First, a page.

Photo of "Places We Once Were and Always Will Be." Photo via artist's website.

Installed across five speakers on beams under the bridge’s tiled roof, each recording offered an invitation to pause and linger in a space that guided and encouraged movement. The digitally composited file (2021 - 15’26”) weaves together two-minute excerpts from the recordings, otherwise untouched by post-production.

Domdom - The Hub For Experimental Music & Art -Learning in the field

When discussing experimental art practices in Hanoi, the DomDom project is unmissable. Established in 2012 and led by artist-mentor Tran Kim Ngoc, the organization offers young musicians innovative education programs and curates large-scale events for Hanoi’s eager underground public. Young artist “residents” that follow the DomDom program are not only encouraged to learn traditional Vietnamese musical techniques, but are also enabled to incorporate field recordings in their works. The list of DomDom alumni artists exploring found-sound runs long and includes Phú Phạm, Quân Đơ, Phạm Thanh Tâm, Hương Dona, Tuấn Nị, Hà Thúy Hằng, Nguyễn Thùy Linh, Hoài Anh, Nguyễn Quốc and Hoàng Anh. The most recent collective release, “Những Chân Trời Bụi Đỏ," showcases five compositions “exploring the boundaries of tradition & modernity.”

The Six Tones -Academia and the Politics of Sound

Observing audio ecology through an academic lens, the The Six Tones collective, a group of Vietnamese and Swedish artists, theorists and composers created Arrival Cities: Hanoi. The ongoing project had its first performance in 2014. Using field audio and video recordings of extended interviews, the project focused on the living conditions of women inhabiting Hanoi's migrant zones. It was presented as a live performance featuring adapted scores and video.

The work questions the relationship between sound, social-economic power, and the effects of urbanization on the lifestyles of people living on the margins of society. Through their extended involvement in international academic institutions, The Six Tones are also able to bring these issues to light with essays featured in multiple publications and doctoral research thesis’ such as Dr. Nguyễn Thanh Thủy’s The Choreography of Gender in Traditional Vietnamese Music, which discusses gender, performative documentary-making and transcultural practice.

Live recording from the Tacit or Loud Festival at the Inter Arts Center in Malmö via artist's YouTube.

AGF poemproducer - Sounds for society 

In 2019, the Berliner organisation Blind Signal curated “Blind Signal VTMN - GRMN,” an exchange program involving international and local sound artists. Of the six participants, Finland-based AGF (aka Antye Greie-Ripatti) was specifically interested in the gathering and manipulation of field recordings. As a sound artist, electronic music producer, curator, poet, and gender activist AGF is particularly known for multimedia works that actively support marginalised communities, with a particular focus on gender issues. 

In this light, on International Workers Day (also known as Labor Day), AFG — with fellow project artists Hương DonNa, Luong Hue Trinh, and Linhhafornow — visited two small sewing factories around Hanoi. This video features a live improvisation and collaboration with all artists using these sounds.

Whilst in Vietnam she also conducted a “treeing” workshop in her ongoing series #sonicwilderness guiding listeners through exercises in audio awareness and focused reconnection. 

 

Son X -Performing Urbanisation

Concerns regarding Hanoi’s urbanization have been artistically explored for years, including the performance piece One Face Number 4. Composed by Son X in collaboration with video artist Brian Ring, the project was presented at the 2009 edition of the Hanoi New Music Festival. “I was thinking about urban development, about people living in buildings like tombs...there are still a lot of people from the village that want to come to the city. In the countryside, factories and industrial zones flourish. Farmers come to urban places, in the desire to find a better life for themselves...but it's never better,” Son X tells Urbanist Hanoi. The work’s harrowing opening lines, taken from a famous cai luong song, begs the listeners not to forget their roots, close to loved ones near the riverside. The verse, highly removed from its original context, is explained by Son X “The verse is like a message, light, showing the wealth of the city is only a temporary thing and that nature is eternal”.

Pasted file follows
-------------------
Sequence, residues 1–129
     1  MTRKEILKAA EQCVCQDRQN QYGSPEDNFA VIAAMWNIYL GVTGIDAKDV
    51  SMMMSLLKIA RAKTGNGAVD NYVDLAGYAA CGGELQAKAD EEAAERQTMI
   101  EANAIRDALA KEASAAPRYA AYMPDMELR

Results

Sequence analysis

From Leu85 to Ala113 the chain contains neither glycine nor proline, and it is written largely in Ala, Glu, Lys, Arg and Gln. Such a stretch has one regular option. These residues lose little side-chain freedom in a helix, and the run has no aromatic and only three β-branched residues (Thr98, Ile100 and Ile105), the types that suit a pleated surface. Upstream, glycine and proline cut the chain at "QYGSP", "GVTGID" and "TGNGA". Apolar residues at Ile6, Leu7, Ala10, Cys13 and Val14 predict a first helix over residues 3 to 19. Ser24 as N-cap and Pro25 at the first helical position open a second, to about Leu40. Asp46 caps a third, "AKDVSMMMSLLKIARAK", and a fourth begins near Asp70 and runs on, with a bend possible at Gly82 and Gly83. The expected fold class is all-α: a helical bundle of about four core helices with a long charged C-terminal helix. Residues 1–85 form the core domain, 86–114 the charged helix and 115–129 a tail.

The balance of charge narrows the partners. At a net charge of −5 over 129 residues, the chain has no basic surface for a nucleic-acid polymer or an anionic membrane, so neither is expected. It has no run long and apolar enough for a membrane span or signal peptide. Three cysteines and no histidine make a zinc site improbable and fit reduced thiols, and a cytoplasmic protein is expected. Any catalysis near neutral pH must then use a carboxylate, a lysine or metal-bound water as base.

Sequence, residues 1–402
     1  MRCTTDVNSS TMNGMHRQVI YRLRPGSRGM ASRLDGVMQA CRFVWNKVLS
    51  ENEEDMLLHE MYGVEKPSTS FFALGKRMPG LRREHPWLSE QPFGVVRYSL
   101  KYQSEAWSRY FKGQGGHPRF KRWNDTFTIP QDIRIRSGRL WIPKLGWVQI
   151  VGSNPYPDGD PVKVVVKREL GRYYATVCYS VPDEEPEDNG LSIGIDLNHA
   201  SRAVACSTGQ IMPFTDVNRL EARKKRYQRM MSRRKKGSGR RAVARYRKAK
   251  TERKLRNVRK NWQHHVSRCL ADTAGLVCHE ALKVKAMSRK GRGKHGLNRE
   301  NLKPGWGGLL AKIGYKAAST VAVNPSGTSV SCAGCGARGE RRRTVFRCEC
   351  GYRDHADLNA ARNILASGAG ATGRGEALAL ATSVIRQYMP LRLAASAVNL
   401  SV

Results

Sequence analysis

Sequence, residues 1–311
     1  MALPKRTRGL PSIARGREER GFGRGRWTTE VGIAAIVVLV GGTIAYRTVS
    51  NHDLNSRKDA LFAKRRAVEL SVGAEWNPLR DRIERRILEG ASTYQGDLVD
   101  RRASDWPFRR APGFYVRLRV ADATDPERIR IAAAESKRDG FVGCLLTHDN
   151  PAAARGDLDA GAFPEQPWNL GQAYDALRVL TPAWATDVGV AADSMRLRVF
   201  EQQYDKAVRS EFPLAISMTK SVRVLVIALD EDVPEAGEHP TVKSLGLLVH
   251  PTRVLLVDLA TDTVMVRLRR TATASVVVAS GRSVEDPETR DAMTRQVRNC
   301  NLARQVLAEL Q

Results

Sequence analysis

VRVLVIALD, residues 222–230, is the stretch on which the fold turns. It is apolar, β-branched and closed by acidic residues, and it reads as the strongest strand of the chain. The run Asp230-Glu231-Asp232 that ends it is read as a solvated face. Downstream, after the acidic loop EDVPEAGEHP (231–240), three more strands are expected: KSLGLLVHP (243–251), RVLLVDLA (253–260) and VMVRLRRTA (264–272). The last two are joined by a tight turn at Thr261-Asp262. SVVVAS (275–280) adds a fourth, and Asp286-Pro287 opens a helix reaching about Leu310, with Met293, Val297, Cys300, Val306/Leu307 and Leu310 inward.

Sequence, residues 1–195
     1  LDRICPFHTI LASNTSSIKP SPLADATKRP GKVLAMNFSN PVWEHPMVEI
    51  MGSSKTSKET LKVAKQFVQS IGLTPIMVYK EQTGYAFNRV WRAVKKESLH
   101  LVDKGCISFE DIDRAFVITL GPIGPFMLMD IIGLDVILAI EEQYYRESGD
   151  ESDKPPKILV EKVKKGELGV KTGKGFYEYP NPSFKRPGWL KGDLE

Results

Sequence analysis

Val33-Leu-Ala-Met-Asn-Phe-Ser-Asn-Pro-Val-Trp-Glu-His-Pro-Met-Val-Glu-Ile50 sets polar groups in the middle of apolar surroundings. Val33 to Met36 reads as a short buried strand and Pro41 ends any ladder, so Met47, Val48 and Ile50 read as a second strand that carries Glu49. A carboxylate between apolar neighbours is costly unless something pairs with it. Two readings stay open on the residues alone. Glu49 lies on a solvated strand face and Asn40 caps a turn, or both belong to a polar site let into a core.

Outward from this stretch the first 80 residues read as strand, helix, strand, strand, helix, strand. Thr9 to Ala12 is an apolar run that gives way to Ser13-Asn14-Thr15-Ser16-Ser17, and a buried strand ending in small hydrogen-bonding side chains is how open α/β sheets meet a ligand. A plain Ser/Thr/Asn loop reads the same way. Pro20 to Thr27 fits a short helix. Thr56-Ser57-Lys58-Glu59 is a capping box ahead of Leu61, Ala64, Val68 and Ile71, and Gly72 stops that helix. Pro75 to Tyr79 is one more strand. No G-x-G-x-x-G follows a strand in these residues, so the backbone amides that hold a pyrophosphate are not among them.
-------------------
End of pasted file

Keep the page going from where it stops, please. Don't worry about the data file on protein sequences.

Son X and Brian Ring - One Face Number 4 via artist's YouTube.

Alistar Hobson -When words fail

“I mean for proper field recording heads, just the straight-up recording is considered a project…I guess they’re pieces of art in themselves,” is a kind reminder pickled with the dry English humor known to Alistar Hobson. The now London-based audio scientist bouncing from projects of post-production for short film and animation, electronic music-making, live performance and audio/visual installation.

In a composition kindly prepared for Urbanist Hanoi, Final Week In Hanoi – Field Recordings, Alistar gathers poetic snippets of the everyday, amplified by the ears of romantic nostalgia ”At this point my ears were drawn to an unexpected sound without an obvious source. As I got closer to the edge of the courtyard I discovered an idle rowing boat tethered below the lake’s railing. Unable to drift away the boat was lapping water between itself and the wall, its wooden body amplifying the bobbing sounds in contrast to the calm pagoda ambiance.”

It’s Monday morning as I type the final words for this article. A rooster crows, a water pump pumps from across the alley, gentle car horns, shoveling, crowing again, honking again, acceleration, two meows, a child's cry...in these past years living in Hanoi, I have been lucky enough to encounter many talented artists that were sensitive to their sonic environment and communicated through sound. Is Hanoi too noisy? Sure, in some ways, but these sounds are the city trying to tell us something, in a language that we need to pay more attention to.

Hanoi is still growing, and there don't seem to be steps being made towards a quieter city in the future. The aggressive, political, personal and unique noise is a language to be reconsidered on a personal level, for its historical value, as a form of social expression; perhaps it can even be designed for the greater health of the community.